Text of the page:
Double Whammy for Elon Musk: Slowing EV demand and shaky AI credentials make it hard
If you’re building a list of the most important stocks in the market, Tesla Inc. has to be on it. Or does it? That’s part of a growing debate on Wall Street, where shares of Elon Musk’s electric-vehicle maker are tanking as the rest of the market rallies — and the company is warning that things may not get better for a while. An original member of the so-called Magnificent Seven tech stocks that have been driving the S&P 500 Index to new heights, traders are now wondering if Tesla’s name belongs next to those other powerhouses. After doubling last year, Tesla’s stock price is down 22% to start 2024. Compare that to Nvidia Corp.’s 46% surge or Meta Platforms Inc.’s 32% gain since the beginning of the year and it’s easy to see where the questions are coming from. Indeed, it’s by far the worst performer in the Magnificent Seven Index this year. The problem for the EV-maker is six of those seven companies are benefiting from the enthusiasm surrounding burgeoning artificial intelligence technology. The group hit a record 29.5% weighting in the S&P 500 last week even with Tesla’s decline, according to data compiled by Bloomberg. But despite Musk’s efforts to position his company as an AI investment, the reality is Tesla faces a unique set of challenges. Also read: Looking for a smartphone? To check mobile finder We are on WhatsApp Channels. Click to join.
At the heart of this divide is the dimming outlook for electric vehicles. Demand is expected to slow in 2024, and perhaps beyond, raising doubts about Tesla’s ability to grow at the rapid pace investors are accustomed to seeing. Roughly a third of the analysts covering Tesla recommend buying the stock, compared to an average of 85% for the rest of the Magnificent Seven. Moreover, analysts have cut their average 2024 profit estimate for Tesla nearly in half over the past 12 months, while earnings expectations for the others have risen or stayed flat. “The challenge is that Tesla has become a one-product company — the Model Y, with every other initiative either not a meaningful contributor to revenue and earnings or still a bit of a science project,” said Jeffrey Osborne of Cowen. “Being a one-product company and mismanaging the timing of product cycles can create periods of pain, which is what we are in now until the next generation vehicle comes out next year or in 2026.”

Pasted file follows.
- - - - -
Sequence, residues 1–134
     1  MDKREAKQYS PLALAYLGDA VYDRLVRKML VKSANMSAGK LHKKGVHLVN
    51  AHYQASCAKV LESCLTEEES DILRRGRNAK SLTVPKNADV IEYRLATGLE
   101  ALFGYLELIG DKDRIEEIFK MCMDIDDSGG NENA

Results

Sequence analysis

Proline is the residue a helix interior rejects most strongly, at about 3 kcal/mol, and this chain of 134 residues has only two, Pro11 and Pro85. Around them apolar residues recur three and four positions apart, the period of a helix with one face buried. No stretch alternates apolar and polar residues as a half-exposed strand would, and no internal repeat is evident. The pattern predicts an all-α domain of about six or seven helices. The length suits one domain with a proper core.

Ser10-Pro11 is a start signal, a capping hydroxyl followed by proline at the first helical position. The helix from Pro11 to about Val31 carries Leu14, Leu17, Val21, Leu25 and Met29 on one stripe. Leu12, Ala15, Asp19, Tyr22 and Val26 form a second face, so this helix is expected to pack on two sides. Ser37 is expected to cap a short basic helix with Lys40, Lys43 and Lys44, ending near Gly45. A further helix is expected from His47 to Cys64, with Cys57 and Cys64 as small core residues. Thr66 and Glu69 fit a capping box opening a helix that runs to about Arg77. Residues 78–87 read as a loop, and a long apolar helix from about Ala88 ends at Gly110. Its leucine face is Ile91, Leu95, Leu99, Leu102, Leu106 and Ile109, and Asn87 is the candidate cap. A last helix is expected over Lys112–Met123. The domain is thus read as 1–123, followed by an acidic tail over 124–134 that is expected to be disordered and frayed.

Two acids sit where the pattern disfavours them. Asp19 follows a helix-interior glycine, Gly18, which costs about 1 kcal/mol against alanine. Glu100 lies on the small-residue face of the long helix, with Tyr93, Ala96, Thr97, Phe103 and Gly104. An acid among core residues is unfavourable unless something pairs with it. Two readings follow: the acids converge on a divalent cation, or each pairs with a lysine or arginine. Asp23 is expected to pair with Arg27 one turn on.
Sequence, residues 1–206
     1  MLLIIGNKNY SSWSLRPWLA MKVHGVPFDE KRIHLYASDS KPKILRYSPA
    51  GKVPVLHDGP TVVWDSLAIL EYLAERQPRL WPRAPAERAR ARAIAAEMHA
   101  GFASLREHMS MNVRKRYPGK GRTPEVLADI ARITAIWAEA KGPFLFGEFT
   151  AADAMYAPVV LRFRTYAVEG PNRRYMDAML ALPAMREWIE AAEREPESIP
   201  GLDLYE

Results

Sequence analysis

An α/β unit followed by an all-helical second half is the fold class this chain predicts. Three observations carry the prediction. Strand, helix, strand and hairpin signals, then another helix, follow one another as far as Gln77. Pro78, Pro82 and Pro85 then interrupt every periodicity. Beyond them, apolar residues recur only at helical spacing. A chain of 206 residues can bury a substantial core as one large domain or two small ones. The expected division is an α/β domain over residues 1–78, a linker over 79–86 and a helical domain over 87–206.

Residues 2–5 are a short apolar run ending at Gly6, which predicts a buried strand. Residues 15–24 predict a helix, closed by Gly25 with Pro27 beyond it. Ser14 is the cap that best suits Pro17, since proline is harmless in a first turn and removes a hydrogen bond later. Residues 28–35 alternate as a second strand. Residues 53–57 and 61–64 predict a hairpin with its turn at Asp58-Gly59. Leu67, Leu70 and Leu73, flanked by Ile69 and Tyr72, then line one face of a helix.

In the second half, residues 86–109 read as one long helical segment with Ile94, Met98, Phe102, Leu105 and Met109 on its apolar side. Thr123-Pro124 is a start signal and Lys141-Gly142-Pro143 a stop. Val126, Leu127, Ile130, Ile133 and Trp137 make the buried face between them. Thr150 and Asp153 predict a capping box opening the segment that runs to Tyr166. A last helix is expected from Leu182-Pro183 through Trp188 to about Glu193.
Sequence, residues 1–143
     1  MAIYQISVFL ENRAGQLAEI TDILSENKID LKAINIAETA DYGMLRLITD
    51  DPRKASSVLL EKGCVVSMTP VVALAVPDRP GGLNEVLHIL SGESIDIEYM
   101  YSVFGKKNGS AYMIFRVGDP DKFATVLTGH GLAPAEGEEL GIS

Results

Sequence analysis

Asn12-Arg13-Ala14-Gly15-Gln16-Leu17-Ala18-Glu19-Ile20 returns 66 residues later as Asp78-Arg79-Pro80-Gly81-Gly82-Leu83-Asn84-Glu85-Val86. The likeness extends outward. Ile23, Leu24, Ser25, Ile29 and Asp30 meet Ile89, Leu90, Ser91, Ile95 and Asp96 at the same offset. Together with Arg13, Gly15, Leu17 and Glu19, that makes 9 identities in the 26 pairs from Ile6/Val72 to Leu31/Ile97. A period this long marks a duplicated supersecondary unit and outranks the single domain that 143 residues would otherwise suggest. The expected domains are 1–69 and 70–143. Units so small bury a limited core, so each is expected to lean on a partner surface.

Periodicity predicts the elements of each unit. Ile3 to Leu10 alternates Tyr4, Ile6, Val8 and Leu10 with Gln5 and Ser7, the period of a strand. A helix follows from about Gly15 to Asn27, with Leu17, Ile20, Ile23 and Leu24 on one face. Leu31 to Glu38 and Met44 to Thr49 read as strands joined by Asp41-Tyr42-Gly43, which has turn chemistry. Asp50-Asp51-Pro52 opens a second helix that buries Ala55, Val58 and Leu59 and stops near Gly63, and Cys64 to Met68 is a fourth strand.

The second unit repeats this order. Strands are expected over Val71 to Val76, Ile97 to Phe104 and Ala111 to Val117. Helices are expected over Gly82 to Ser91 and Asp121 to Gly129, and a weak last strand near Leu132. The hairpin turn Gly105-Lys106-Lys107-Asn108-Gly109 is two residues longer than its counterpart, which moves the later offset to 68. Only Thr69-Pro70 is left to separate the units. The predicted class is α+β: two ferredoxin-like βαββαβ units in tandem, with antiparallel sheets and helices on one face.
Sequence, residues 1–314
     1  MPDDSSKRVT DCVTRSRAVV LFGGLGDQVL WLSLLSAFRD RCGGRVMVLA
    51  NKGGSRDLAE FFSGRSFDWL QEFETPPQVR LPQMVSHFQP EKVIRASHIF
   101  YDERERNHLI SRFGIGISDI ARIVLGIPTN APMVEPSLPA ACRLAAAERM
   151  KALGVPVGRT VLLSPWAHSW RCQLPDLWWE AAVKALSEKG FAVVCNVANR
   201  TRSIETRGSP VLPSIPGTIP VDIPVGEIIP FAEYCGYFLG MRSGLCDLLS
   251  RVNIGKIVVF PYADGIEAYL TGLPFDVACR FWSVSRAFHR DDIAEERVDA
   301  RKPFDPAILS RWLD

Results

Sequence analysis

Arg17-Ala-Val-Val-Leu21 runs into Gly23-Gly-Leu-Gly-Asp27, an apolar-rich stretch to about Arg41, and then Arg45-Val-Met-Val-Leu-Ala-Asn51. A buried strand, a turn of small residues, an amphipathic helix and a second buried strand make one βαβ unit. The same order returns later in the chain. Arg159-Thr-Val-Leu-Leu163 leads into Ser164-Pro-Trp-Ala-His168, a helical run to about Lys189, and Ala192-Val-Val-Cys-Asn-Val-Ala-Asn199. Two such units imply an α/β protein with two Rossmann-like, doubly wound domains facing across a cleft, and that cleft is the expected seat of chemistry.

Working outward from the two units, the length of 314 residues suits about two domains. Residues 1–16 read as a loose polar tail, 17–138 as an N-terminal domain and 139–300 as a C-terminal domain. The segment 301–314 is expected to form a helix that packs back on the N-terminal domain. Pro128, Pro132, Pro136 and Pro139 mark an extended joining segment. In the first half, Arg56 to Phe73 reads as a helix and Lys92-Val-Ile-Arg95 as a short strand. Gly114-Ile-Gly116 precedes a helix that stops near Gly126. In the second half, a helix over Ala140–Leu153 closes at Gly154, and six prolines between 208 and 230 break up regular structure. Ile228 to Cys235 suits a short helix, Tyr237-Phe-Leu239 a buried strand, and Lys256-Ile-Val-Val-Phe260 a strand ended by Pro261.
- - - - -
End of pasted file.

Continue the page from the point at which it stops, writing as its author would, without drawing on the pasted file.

The double trouble of slowing EV demand and shaky AI credentials make it hard for investors to swallow Tesla’s sky high valuation. Even with this year’s selloff, the stock trades at over 60 times forward earnings. The second-most expensive Magnificent Seven stock is Nvidia Corp. at around 36 times forward earnings, while the rest trade between the low twenties and low thirties. “During the year, others in the Mag Seven were able to show how AI was driving real, profitable business growth,” Brian Johnson, former auto analyst with Barclays and founder of Metonic Advisors, said in an interview. “Tesla investors just got some random Optimus videos, Musk’s admission Dojo was a moon shot and yet another full-self-driving release that may be an improvement but still a long ways from robotaxi capability.” In contrast, the rest of the mega-cap technology companies boast of diverse and stable revenue streams, which in most cases translate into slightly…